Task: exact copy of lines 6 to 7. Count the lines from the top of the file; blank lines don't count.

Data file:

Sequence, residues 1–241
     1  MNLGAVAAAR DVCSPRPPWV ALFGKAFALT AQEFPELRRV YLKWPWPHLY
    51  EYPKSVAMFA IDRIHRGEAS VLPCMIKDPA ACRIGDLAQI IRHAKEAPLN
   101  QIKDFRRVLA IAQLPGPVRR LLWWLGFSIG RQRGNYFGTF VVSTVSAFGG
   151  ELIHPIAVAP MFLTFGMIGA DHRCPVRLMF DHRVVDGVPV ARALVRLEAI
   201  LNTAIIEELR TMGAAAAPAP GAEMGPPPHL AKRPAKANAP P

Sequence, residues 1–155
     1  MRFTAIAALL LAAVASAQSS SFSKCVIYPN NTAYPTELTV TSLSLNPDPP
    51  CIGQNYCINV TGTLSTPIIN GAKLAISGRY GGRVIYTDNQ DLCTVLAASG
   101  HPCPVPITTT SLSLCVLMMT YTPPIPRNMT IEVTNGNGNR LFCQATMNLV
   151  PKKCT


   201  LNTAIIEELR TMGAAAAPAP GAEMGPPPHL AKRPAKANAP P

Sequence, residues 1–155